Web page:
‘X’ marks the spot: Tree demolitions scheduled


Kenyon Edmond

A total of 42 trees were marked with bright pink “X”s, signaling they will soon be removed.

By Samantha Boyle, Assistant News Editor

As part of a bigger project to improve mobility in the Champaign-Urbana community, 42 trees from Wright Street and Armory Avenue are marked with large, pink “X”s and are scheduled to be removed.

Brent Lewis, University landscape architect, said the Multimodal Corridor Enhancement Project is working to restructure the campus, and within that redesign, the trees are lost. Currently, MCORE is in its fourth phase out of five.

The MCORE Project began its preliminary design in 2015 and is scheduled to complete construction by 2020.

“Each street will undergo either full reconstruction or major rehabilitation to rebuild the streets into multimodal complete street corridors to accommodate all modes of travel (bus, pedestrian, bike, and vehicle),” according to the MCORE Project website.

The project is estimated to cost about $46.9 million.

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    Although through phase four of MCORE, 42 trees are being taken down, 43 trees are also being replanted, Lewis said. Across the entire project, over 100 trees will be removed and replanted.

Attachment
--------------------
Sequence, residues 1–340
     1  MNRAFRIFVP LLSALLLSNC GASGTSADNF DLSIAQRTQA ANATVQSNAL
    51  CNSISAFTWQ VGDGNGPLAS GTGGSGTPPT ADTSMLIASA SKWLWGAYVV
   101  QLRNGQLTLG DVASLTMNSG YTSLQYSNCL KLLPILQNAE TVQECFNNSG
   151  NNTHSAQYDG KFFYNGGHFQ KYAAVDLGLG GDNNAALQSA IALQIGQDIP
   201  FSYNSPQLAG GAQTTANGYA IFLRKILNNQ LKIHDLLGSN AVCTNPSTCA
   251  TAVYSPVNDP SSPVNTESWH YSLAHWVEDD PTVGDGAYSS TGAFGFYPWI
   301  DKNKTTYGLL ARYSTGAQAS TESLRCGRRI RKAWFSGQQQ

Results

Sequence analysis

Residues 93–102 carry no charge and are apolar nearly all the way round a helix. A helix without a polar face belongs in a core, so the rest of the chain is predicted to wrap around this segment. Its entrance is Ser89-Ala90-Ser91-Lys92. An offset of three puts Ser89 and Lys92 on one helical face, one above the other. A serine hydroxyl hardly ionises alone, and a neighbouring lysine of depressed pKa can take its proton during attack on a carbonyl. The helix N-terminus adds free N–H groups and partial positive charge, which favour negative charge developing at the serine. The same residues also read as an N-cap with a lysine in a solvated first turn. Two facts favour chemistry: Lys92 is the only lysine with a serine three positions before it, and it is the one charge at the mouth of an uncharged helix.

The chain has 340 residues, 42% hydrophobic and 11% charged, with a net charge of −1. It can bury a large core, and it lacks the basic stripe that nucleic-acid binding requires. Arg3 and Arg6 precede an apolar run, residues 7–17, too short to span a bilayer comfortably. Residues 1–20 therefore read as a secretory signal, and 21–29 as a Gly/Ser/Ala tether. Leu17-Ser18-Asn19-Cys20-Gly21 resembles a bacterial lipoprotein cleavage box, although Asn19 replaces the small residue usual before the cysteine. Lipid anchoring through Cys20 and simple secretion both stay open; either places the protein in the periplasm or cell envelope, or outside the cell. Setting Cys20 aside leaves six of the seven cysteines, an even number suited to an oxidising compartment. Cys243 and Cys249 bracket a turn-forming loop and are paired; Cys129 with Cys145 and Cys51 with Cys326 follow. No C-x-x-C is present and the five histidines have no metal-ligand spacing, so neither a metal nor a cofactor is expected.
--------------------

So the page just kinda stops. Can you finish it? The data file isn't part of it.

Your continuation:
“Even though we are taking down trees, we are getting a net benefit,” Lewis said.

    He said some of the Sweetgum trees on Armory Avenue already don’t have the best planting area because of factors such as the soil they are planted in. They can also cause mobility issues for some pedestrians when the seed pods fall.

    “With the MCORE Project, we are able to mitigate that problem,” Lewis said.

    He said when the trees get replanted, there will also be a higher soil volume, which will allow the trees to live 20 to 30 years longer.

    Diane Plewa, Plant Clinic diagnostician, said both Champaign and Urbana have Tree City USA status.

    According to the Arbor Day Foundation, in order to be labeled a Tree City, a city must maintain a tree board or department, have a community tree ordinance, spend at least $2 per capita on urban forestry and celebrate Arbor Day.

    “Trees provide a lot of value,” Plewa said. “There are economic, ecological and aesthetic values to those trees, and so there are a number of organizations that are really prominent in trying to promote the value of trees. Encouraging people to plant them, to maintain them, that sort of thing.”

    Plewa said it’s important to enjoy trees, considering it is one of the reasons they are planted in the first place, but they are living things and a lot of stressors can affect them, such as bad weather and diseases.

    “It’s one of those things that you easily take for granted,” Plewa said. “But when you go to the (Main) Quad, they have those trees along the sidewalks, and you see people sitting under them, and you see people having the hammocks that are tied between them. We use trees in a lot of ways, and so it’s nice to appreciate them.”

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